Rebooting Internet Immunity
The George Washington Law Review
We do everything online. We shop, plan travel, invest, socialize, and even hold garage sales. Even though we may not care whether a company operates online or in the physical world—the distinction has important consequences for the companies themselves. Online and offline entities are governed by different rules. Under Section 230 of the Communications Decency Act, online entities—but not physical-world entities—are immune from lawsuits related to content authored by their users or customers. As a result, online entities have been able to avoid claims for harms caused by their negligence and defective product designs simply because they operate online. The reason for the disparate treatment is the internet’s dramatic evolution over the last two decades. The internet of 1996 served as an information repository and communications channel and was well governed by Section 230, which treats internet entities as another form of mass media. Because Facebook, Twitter, and other online companies could not possibly review the mass of content that flows through their systems, Section 230 immunizes them from claims related to user content. But content distribution is not the internet’s only function, and it is even less so now than it was in 1996. The internet also operates as a platform for the delivery of real-world goods and services and requires a correspondingly diverse immunity doctrine. This Article proposes refining online immunity by limiting it to claims that threaten to impose a content-moderation burden on internet defendants. Where a claim is preventable other than by content moderation—for example, by redesigning an app or website—a plaintiff could freely seek relief, just as in the physical world. This approach empowers courts to identify culpable actors in the virtual world and treat like conduct alike wherever it occurs.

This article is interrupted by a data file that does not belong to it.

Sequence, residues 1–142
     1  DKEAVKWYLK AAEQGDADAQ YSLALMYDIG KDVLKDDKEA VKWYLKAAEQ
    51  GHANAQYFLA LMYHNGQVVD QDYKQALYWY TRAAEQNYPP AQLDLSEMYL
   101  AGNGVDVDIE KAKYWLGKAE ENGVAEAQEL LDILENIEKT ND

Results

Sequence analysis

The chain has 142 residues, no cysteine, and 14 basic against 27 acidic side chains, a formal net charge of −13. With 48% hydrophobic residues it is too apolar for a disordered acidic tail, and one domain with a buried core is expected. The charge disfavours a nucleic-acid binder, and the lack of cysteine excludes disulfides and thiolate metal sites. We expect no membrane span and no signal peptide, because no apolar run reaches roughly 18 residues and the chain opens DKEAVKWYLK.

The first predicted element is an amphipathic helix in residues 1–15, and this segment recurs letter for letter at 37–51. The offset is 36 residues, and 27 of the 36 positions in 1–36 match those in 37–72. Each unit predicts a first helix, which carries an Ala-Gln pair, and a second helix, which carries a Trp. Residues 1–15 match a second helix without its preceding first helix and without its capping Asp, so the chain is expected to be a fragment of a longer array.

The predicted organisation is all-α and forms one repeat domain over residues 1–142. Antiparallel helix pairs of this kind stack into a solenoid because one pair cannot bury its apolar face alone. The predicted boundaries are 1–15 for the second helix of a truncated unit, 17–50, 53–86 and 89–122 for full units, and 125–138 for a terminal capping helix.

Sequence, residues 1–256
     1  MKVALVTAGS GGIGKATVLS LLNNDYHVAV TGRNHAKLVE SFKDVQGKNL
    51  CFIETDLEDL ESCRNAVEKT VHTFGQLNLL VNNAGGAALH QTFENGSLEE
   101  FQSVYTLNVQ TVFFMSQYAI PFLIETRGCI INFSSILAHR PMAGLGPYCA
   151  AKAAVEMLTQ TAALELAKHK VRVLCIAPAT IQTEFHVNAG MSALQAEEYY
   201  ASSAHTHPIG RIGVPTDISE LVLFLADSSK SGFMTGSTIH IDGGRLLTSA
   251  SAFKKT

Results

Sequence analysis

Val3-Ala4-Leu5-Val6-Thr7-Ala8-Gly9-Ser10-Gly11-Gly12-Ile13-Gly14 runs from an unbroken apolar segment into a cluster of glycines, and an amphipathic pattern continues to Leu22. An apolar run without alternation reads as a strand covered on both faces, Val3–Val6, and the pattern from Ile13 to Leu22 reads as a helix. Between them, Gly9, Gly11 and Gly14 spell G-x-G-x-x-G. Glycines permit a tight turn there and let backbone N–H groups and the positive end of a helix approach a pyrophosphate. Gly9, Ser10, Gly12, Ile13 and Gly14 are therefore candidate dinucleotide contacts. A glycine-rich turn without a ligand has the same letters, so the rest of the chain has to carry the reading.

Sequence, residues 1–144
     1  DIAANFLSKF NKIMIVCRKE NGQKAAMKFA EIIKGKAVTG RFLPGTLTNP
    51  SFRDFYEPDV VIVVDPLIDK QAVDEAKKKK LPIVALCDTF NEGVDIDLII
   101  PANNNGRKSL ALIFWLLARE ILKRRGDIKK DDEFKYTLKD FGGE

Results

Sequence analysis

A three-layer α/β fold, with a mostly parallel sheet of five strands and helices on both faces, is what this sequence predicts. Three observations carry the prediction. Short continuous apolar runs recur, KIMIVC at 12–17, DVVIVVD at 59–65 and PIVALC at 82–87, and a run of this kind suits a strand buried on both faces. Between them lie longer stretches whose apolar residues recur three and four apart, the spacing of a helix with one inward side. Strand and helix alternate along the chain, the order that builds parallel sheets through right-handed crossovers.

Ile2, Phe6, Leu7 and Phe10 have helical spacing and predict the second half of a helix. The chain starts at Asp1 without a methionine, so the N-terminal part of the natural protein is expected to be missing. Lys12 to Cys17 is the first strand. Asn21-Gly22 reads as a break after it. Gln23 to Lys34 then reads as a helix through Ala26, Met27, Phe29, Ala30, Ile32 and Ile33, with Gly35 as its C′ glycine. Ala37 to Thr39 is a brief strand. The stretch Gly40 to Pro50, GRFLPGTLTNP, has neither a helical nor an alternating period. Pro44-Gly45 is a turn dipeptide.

Dickinson, Gregory M., "Rebooting Internet Immunity" (2021). Faculty Articles. 5.